Surface complexation models have been used for thirty years to explain surface charge and adsorption properties of minerals.
Macroscopic data and methods to obtain them are discussed along with their respective advantages and disadvantages. This includes titrations, electrokinetic experiments and adsorption measurements as well as combined approaches. Such data may be treated with computer codes to obtain thermodynamic data in the framework of a specified surface complexation model.
Currently used surface complexation models are covered as well as some non-standard models along with their respective advantages and disadvantages. The possible options for the different components of surface complexation models (protonation/deprotonation mechanism, structure of the electrostatic double layer and treatment of heterogeneity) are introduced. The required parameters for the different model components are discussed. Methods for independent determination of the parameters and data fitting procedures are evaluated. Selected model variations, which can be synthesized from the available options for the different components are discussed in detail.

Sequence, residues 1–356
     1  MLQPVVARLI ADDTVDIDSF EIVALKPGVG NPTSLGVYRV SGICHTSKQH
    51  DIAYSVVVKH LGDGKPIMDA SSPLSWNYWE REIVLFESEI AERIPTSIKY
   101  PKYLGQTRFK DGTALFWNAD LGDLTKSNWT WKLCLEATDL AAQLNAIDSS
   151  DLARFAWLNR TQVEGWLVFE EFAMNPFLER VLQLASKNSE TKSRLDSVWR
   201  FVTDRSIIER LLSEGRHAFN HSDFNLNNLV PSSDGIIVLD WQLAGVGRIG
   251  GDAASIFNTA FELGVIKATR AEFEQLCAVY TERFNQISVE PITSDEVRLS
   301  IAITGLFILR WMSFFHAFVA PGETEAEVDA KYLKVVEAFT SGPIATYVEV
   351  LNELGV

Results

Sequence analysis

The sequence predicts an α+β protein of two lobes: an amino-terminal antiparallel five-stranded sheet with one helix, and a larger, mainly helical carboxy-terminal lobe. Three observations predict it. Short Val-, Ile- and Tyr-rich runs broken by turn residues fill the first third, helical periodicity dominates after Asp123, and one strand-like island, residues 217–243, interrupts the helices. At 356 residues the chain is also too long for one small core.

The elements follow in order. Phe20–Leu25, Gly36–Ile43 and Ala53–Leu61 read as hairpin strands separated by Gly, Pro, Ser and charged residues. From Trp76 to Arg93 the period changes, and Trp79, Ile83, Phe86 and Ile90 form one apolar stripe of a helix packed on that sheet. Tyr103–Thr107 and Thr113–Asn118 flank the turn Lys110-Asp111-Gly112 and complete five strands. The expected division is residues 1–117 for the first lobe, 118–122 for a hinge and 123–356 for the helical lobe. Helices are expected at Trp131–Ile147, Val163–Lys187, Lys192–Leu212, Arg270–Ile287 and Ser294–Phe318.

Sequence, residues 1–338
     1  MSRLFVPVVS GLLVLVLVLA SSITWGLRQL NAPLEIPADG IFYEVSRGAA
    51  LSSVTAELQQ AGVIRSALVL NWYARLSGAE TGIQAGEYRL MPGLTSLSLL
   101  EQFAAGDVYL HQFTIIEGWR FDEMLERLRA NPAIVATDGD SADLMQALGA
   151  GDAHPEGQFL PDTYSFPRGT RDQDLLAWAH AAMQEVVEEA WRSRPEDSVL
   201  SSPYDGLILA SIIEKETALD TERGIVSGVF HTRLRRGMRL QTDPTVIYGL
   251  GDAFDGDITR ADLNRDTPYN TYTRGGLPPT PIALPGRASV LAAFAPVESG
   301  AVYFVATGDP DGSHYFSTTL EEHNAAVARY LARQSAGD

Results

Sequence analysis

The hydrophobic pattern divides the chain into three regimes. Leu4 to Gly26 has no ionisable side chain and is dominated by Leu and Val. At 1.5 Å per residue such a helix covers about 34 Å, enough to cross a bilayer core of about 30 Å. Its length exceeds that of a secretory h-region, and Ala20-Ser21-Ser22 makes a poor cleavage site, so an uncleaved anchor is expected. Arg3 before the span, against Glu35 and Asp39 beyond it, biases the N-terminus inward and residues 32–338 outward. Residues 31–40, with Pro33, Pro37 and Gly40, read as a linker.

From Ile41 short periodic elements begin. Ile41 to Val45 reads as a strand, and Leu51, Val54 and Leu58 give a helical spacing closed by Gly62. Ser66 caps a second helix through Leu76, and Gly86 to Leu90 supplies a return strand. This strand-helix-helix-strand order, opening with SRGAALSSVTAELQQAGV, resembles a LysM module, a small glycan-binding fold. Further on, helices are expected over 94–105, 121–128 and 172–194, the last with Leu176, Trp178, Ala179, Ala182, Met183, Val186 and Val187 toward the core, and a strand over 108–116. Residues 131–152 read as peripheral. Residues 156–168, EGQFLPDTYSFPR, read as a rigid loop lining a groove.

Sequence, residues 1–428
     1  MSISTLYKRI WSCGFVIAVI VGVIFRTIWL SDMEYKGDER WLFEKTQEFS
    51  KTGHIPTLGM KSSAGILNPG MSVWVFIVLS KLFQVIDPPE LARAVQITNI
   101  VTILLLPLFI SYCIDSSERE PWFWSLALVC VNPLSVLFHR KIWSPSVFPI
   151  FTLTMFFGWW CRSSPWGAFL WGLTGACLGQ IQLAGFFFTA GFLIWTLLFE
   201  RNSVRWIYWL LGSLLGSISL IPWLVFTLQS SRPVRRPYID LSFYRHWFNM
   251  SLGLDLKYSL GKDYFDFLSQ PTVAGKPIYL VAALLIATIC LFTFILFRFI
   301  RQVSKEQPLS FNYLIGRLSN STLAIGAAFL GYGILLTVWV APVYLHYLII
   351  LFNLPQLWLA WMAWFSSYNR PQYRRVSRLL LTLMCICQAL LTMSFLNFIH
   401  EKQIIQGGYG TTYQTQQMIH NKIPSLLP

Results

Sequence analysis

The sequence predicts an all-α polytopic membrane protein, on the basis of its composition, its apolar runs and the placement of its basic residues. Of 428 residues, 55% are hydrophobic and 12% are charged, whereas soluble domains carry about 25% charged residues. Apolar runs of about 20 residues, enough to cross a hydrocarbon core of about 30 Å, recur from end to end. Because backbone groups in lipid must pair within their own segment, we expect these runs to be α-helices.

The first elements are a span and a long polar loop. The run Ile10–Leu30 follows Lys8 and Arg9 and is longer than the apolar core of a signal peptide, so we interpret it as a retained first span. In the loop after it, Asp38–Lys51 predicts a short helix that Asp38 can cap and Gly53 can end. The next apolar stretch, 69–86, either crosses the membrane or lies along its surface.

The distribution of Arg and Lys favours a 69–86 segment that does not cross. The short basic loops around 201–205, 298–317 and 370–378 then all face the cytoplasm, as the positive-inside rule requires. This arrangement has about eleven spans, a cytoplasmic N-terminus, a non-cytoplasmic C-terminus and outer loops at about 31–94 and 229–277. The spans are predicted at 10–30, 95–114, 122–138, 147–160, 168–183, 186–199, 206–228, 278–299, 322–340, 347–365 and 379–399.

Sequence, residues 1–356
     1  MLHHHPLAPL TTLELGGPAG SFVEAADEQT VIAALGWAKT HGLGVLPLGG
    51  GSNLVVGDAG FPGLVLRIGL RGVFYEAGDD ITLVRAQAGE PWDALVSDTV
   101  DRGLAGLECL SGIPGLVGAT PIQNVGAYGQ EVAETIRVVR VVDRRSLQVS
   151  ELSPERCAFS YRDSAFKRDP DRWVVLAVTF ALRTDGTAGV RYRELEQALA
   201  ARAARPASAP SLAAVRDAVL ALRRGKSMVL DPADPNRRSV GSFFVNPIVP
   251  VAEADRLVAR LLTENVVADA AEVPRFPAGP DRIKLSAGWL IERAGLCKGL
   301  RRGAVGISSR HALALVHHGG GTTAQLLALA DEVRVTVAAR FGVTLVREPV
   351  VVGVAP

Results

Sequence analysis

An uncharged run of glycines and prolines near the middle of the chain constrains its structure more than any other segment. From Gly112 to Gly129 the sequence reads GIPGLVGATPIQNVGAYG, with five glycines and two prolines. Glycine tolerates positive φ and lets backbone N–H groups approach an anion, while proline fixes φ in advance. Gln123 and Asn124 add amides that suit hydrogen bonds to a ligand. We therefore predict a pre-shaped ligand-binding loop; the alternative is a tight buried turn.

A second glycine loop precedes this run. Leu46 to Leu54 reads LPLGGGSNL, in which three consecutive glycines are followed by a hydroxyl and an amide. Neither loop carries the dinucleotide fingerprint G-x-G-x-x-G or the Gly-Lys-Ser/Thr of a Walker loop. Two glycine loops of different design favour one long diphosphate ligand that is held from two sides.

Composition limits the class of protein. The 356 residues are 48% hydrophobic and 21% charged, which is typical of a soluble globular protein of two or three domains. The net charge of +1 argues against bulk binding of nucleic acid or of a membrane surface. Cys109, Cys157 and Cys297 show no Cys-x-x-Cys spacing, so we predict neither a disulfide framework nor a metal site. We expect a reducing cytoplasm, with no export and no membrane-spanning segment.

Future requirements of the surface complexation models are discussed in the context of specific modelling purposes. Approaches, which allow in principle to cover a maximum of independent experimental data sources, are introduced. Various sources of experimental data, which have the potential to decrease the number of successful models, are described.
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